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The Other Carl

November 3, 2010

Who is the man of the moment? Andrew Cuomo? Dean Skelos?  Eric Schneiderman?

Try Carl Kruger.

Where Kruger caucuses will determine control of the State Senate if the house is tied. He could also give the Republicans a workable majority if recounts in the Oppenheimer, Thompson and Johnson races go their way. (Insiders now believe that Thompson and Johnson have indeed lost – giving the GOP the narrowest possible edge of 32-30.)

Kruger is the ultimate political animal. He started out as a community board member in Brooklyn, worked in the State Assembly as a policy aide and political operative for many years, and later won election to the Senate in 1994.

He is known for being smart and calculating. Underscore “calculating.”

He was the fourth Amigo (with Diaz, Monserrate and Espada) during the 2009 coup in the Senate, and maneuvered himself into the coveted position of Chair of the Senate Finance Committee, a position he wants to retain. Underscore “wants to retain.”

Kruger is the first call of the day for Skelos and Sampson who both know how tenuous 32-30 really is.

Insiders also wonder what role the Governor-elect will play in Senate machinations. They say Cuomo might intervene to keep Kruger in the Democratic fold as a way of easing hard feelings with Senate Dems, who think Cuomo undermined them.

The games have begun.

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3 Comments leave one →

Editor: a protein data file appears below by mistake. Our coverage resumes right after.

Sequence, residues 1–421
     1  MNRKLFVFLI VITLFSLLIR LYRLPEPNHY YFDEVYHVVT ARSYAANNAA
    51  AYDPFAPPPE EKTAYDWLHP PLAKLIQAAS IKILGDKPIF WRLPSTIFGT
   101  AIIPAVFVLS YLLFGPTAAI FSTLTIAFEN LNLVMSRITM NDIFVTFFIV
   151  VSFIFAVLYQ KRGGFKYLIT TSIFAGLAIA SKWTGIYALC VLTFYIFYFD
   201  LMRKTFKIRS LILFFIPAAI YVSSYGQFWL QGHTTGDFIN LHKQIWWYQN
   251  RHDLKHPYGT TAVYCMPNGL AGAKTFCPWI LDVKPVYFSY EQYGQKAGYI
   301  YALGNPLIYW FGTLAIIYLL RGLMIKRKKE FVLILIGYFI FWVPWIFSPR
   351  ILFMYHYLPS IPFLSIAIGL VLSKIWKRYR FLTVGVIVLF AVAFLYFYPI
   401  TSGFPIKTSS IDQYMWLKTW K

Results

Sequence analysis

1. whiskers permalink
    November 3, 2010 12:53 PM

    Nice analysis, but it only scratches the surface. Tim Kennedy and Ruben Diaz are two other conservative leaning Democrats who might caucus with Republicans. In addition, Kruger is under an FBI probe. If he is forced to resign then there would be a special election. His district, which has about the highest concentration of ultra-Orthodox Jews in the country, could conceivably go to the GOP given there it has tons of conservative Democrats who voted for McCain.

  2. whiskers permalink
    November 3, 2010 1:36 PM

    One more thing. Thompson’s challenger, Grasanti, is actually a registered Democrat. Will he caucus with the GOP or his own party? In any event, the GOP would be hard pressed to retain his overwhelmingly Democratic seat. He wont have Paladino at the top of the ticket and Thompson’s incompetence to help him next time.

  3. Assemblyman Michael Benjamin permalink
    November 3, 2010 10:46 PM

    Neat! Fair analysis. I think the remaining “amigos” are radioactive. No reason for Kruger, Diaz or Kennedy to caucus with the Republicans, in the event of a tie. It works to their advantage to remain in the Democratic conference. LG-elect Duffy can cast the deciding leadership votes. On legislative matters, there can be shifting, fluid majorities. Possibly a floating mix of Democrats and Republicans. That’s where the Governor-elect can best influence the process and senators can “maximize” their votes. Sadly, in 2009-10 we experienced crude (“thiggish” has become a code word to some) political style. Hopefully, in 2011-12 we will experience a more subtle approach that doesn’t make embarassing stark headlines. In the halcyon days that the Governor-elect is fond of recalling, I believe that’s how the “oldtimers” conducted themselves. In this way, the “amigos” may recast themselves (and the floating majority) as “independent” principled actors working in the best interests of their constituents.

    Finally, Grasanti may be a registered Democrat but I don’t forsee the Council of Black State Senators welcoming him into the conference, even if it means the majority.

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